If you find an unknown painting or drawing while cleaning, do not hurry to throw it away. It is quite possible that a masterpiece of the great master lost a long time ago was in your hands.
The Unknown Van Gogh
In the 30s of the XX century in the Van Gogh Museum in Amsterdam twice visited an elderly couple with an unsightly picture in green tones. The couple insisted that a rather large canvas in a shabby wooden frame is an unknown work of the great Dutch artist called “Sunset”.
Both times, Van Gogh’s experts on canvases swept away from the old men, referring to the fact that their “masterpiece” is just an unskilled imitation of the great master. The proof was that the canvas was not signed and except for the carelessly written on the back of the number “180” had no marks.
But experts were mistaken – “Sunset” really belonged to the brush Van Gogh, and the figure on the back was written by the hand of his brother, Theo, who conducted an inventory of the property of a genius, after his tragic death. Theo survived his brother only for a few months, after which the painting passed to his wife, who, needing money, sold it in 1901 to an unknown connoisseur.
After that, the canvas changed the owner many times, and no one doubted its authenticity. But, one day, the next owners praised the painting to their friend, the French ambassador in Sweden. The diplomat, who had a reputation as a specialist in painting, convinced everyone that they are the owner of a fake, and the painting was in the attic.
After the death of the owners of “Sunset”, their heirs again tried to convince art historians of its authenticity and again failed. Only in 2013, the painting “Sunset in Monmajour” (such its full name), was officially recognized and took an honorary place in the Van Gogh Museum in Amsterdam.
70 years locked up
A few years ago, in an abandoned apartment located in the heart of Paris, it was found a whole collection of paintings of the XIX century. Nobody entered the room for more than 70 years, as the owner left France on the eve of World War II and never returned home.
When it became known that the owner of the property died in a foreign country, the lawyer gave the keys to the apartment to the heirs who did not expect to find many valuable works of art in a dusty, cobweb-shaped home.
The most significant painting from the abandoned apartment was a beautiful portrait of a woman created by Giovanni Boldini, the late 19th century impressionist. Experts estimated the painting at 300 thousand dollars, but at the auction an unknown connoisseur bought it for 2.1 million dollars.
Michelangelo from under the sofa
Once an American military pensioner, Martin Cober went for some reason under his sofa, were among the old wrappers and dry spiders found Michelangelo’s painting “Madonna, mourning Christ. Former military pilot, who had visited dozens of countries, and could not remember from which business trip he brought the canvas.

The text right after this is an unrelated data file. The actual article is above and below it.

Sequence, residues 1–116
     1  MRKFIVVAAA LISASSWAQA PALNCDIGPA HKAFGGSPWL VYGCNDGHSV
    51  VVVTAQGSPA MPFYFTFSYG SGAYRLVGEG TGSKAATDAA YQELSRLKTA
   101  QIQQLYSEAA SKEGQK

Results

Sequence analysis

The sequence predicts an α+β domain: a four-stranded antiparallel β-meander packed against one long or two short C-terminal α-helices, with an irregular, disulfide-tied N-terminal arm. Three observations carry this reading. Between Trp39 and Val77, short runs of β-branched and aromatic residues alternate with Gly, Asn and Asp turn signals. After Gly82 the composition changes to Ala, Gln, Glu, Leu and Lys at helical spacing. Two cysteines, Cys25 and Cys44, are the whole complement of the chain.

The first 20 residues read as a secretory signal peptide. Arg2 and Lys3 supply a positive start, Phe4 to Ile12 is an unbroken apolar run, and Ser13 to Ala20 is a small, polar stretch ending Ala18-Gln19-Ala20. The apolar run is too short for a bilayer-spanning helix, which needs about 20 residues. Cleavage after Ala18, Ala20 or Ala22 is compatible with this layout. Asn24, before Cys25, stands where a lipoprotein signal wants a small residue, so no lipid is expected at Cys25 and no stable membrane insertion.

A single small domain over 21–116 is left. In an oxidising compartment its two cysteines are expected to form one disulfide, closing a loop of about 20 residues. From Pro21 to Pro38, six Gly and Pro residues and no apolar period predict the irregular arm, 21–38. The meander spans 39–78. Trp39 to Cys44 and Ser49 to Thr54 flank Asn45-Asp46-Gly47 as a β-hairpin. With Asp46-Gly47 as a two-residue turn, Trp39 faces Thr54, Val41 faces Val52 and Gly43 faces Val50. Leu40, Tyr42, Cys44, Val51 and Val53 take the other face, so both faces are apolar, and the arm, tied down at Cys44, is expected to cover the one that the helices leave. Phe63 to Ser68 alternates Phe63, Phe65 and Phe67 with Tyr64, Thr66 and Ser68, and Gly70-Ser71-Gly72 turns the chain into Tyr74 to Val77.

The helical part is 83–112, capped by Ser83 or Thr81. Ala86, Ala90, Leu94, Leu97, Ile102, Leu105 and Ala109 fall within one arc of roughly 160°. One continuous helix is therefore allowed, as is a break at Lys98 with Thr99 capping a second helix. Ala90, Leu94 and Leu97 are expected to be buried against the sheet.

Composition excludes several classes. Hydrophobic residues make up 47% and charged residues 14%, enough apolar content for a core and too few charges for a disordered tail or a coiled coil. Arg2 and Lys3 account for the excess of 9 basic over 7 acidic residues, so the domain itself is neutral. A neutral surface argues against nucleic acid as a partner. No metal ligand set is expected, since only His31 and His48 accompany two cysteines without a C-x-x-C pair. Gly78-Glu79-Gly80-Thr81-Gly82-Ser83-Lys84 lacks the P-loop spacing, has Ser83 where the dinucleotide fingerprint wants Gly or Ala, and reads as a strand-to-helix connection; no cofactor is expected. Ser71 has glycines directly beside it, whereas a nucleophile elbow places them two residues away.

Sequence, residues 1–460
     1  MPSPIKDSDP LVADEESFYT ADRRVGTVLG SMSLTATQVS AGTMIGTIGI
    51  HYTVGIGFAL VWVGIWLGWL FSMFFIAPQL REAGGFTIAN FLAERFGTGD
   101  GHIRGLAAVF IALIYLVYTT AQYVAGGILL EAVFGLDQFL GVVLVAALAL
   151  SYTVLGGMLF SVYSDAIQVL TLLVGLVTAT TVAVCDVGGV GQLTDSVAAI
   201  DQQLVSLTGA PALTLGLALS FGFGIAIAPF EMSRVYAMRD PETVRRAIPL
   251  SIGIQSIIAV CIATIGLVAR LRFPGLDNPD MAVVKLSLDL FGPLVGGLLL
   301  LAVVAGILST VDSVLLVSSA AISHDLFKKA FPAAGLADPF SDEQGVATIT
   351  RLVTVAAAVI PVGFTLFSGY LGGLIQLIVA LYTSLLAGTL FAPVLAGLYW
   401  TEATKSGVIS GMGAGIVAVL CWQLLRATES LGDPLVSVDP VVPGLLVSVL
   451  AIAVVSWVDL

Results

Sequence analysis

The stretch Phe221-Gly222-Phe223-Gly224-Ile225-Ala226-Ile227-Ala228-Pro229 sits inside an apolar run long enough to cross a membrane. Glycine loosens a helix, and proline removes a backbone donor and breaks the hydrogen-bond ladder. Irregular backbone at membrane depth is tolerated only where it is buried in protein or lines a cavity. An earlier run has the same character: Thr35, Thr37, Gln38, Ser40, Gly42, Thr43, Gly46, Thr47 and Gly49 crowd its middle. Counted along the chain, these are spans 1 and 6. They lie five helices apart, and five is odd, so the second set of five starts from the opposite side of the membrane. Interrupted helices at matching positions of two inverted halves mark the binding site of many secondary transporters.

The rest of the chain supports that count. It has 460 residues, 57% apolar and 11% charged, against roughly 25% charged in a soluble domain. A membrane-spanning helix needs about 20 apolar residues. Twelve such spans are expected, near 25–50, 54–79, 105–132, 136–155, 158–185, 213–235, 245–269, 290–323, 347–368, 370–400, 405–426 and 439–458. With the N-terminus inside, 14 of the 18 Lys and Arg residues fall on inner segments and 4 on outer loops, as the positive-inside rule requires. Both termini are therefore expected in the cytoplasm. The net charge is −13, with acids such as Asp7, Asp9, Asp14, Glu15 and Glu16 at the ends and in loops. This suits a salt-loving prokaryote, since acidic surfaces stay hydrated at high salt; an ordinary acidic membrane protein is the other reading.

It is known that at one time the painting was hanging on the wall until Martin’s son hit it with a tennis ball. After that, the decorative element from sin was hidden away under the sofa and gradually forgotten about it. No one could think that the canvas is real and, despite the fact that the Renaissance master did not complete it, is worth millions of dollars.
The found Savior of the World
Dozens of Michelangelo’s paintings and more than a hundred of Raphael’s paintings are kept in private collections and museums around the world. But the genius Leonardo da Vinci, though he gave the world a lot, but left only a few paintings. By various estimates, there are 15 or 17 paintings of the great Leonardo, and the location of some of them is not known.
Canvas “Savior of the world” was not among the “living” works of the great painter, as it was considered irrevocably lost. The last mention of the painting was found in documents of the XVII century, after which traces of it were lost. Such paintings of the Italian as “Monna Vanna”, which was a nude version of “Monna Lisa” and “Battle of Anghiari” were destroyed, and “Savior of the world” just disappeared, as if it was not.
Found “Savior” quite accidentally, at the restoration of the painting, which all considered a good fake Salvatore Mundi canvas. Dark, badly damaged painting work was purchased by several businessmen at an auction for a ridiculous price and was given to the restorers for cleaning from dirt and soot.
Like all Leonardo’s paintings, “Savior of the World” isn’t too large-scale.
The restorers of the paintings were astonished when they found a surprisingly finely drawn glass ball in Jesus’ hand under the layers of dirt, through which Leonardo’s hand was unmistakably identified. Now “Savior of the world”, which could well hang somewhere in the hotel lobby or in the staircase of a large office, is one of the most expensive paintings on the planet, for which at the auction gave 450 million dollars.